14. Transnational organized crime and other cross-border challenges

As a corollary, one can note the Russian views on terrorism also fit into the general pattern over the observations.

  1. condemns terrorism in all its forms and manifestations, and believes that there can be no ideological, political, religious, racial or any other justification for acts of terror;
  2. categorically opposes any reliance by States on terrorist organizations in pursuit of political, ideological or other aims;
  3. takes all necessary measures under international and Russian law to prevent and counter terrorism, protect the State and its citizens from terrorist attacks and fight the spread of terrorist and extremist ideology;
  4. diligently seeks to unite all States and the entire international community in the fight against terrorism without politicization or preconditions and in accordance with the UN Charter as well as norms and principles of international law;
  5. prioritizes international cooperation in countering terrorist organizations and groups, including through the use of military force, with the participation of all States and organizations to the extent of their ability and subject to agreement by the States where the fight against organizations and groups of this kind is taking place;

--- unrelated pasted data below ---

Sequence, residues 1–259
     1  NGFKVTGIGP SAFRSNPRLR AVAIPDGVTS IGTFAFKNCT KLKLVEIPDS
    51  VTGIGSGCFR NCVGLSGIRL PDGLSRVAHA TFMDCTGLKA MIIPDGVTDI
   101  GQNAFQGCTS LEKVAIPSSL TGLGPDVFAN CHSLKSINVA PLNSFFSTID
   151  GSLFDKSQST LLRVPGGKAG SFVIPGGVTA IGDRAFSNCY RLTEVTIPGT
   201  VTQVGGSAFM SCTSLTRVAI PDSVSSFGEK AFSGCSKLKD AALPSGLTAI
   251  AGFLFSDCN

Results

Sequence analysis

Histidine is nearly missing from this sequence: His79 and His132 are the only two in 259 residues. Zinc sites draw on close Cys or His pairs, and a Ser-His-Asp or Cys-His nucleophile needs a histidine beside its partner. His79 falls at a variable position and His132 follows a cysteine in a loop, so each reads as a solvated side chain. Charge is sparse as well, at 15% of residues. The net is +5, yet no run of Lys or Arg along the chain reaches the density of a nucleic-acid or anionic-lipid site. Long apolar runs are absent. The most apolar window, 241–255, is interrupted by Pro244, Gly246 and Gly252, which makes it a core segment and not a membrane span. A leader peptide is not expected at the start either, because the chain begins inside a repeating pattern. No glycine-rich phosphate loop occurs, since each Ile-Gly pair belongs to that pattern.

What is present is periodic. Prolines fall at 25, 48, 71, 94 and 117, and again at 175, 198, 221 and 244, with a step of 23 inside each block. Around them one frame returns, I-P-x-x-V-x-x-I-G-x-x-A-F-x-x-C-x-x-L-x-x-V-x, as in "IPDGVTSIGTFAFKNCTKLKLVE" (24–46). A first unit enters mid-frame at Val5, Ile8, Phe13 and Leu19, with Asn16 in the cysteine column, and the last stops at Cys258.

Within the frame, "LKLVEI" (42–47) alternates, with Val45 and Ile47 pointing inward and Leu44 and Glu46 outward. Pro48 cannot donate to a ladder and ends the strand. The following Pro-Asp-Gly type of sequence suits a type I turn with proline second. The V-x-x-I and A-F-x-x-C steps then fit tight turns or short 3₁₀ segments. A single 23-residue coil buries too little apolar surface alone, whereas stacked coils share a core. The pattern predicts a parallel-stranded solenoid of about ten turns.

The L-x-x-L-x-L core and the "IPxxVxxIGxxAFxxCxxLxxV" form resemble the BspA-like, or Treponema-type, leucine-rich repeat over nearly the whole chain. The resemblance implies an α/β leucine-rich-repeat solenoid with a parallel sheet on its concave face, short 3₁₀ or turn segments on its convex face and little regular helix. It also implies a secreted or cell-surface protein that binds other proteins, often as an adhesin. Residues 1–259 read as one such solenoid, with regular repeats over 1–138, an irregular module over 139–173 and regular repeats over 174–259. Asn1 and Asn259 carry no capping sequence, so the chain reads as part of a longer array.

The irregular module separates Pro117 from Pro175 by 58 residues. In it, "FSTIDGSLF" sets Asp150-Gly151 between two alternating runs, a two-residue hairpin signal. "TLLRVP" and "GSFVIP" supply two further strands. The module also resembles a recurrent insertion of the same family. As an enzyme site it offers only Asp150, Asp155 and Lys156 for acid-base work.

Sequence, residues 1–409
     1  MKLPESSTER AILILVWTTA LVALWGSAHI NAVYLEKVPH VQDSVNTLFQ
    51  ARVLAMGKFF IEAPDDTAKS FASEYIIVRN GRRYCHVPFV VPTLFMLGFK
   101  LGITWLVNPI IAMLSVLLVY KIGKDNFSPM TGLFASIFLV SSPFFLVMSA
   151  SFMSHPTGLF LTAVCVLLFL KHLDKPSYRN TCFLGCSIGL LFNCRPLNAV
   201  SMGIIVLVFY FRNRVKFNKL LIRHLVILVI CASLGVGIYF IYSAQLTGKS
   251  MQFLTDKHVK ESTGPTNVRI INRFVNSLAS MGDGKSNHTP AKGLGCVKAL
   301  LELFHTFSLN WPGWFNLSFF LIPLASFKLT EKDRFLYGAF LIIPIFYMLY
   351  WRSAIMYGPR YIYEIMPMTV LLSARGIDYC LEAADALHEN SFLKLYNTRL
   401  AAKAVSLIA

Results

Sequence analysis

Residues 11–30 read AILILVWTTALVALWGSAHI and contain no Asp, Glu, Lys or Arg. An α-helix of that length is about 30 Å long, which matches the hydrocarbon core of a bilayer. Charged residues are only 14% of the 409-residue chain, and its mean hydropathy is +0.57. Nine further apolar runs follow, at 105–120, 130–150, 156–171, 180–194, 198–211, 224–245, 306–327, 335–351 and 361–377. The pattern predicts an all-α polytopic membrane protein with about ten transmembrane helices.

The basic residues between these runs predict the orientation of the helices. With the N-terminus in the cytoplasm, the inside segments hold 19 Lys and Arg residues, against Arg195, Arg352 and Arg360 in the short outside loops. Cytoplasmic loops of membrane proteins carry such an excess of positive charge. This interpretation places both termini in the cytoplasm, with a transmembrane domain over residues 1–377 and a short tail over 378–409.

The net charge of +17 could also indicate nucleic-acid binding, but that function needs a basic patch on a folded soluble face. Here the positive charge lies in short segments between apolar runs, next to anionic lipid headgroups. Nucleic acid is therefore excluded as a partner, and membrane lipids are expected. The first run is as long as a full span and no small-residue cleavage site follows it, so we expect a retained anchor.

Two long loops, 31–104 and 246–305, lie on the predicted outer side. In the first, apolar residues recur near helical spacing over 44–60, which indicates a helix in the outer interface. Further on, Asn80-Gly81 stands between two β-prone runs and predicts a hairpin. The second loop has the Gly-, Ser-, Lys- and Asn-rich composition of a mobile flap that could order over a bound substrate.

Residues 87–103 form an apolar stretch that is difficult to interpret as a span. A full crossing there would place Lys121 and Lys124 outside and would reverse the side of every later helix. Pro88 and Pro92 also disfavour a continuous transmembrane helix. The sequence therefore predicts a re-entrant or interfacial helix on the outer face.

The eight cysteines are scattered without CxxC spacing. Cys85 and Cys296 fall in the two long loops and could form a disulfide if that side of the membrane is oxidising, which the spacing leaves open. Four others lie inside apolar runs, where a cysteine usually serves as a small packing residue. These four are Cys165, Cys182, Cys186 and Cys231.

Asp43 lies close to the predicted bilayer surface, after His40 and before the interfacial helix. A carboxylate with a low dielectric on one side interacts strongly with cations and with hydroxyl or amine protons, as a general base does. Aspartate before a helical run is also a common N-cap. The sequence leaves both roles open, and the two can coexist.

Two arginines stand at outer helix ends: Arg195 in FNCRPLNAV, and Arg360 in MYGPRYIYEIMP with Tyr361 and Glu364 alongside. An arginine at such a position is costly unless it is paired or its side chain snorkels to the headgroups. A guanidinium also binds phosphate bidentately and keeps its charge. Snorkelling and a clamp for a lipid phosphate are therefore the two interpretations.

6. advocates the central role of States and their competent bodies in countering terrorism and extremism and in any related international cooperation;
  7. recognizing that it is impossible to defeat terrorism through military and law enforcement action alone, advocates working proactively and effectively with civil society institutions in the fight against terrorism, including research and educational institutions, business communities, religious associations, non-governmental organizations and mass media;
  8. believes that the struggle against terrorism will not be effective unless the sources of terrorist financing are eliminated, supports the efforts undertaken within multilateral structures to identify States, individuals and legal entities with economic ties to terrorist organizations and seeks to block financing channels used by terrorists;
  9. advocates consolidating the UN-led collective efforts to defeat foreign terrorist fighters by blocking all forms of material support available to terrorist organizations.

Though the observations are Russian, one would note that they are more relevant to India than any country in the world because it is one of the main pivots of that Rising East and the only major country beset by cross-border terrorism of epic proportions.

The cover picture, a sliced up version of World Economic Forum’s interactive chart over Global Governance, echoes a major part of the Russian view, especially over the importance of the Rising East and Multipolarity in a world which hates Globalism but can’t live without it.

In fact, the theme of Rising East is observed for a considerable time and it makes much sense to adjust the thinking to accommodate the change than try to fight it. A plethora of reports over the past decade point towards that as like the PwC’s World in 2050 report below.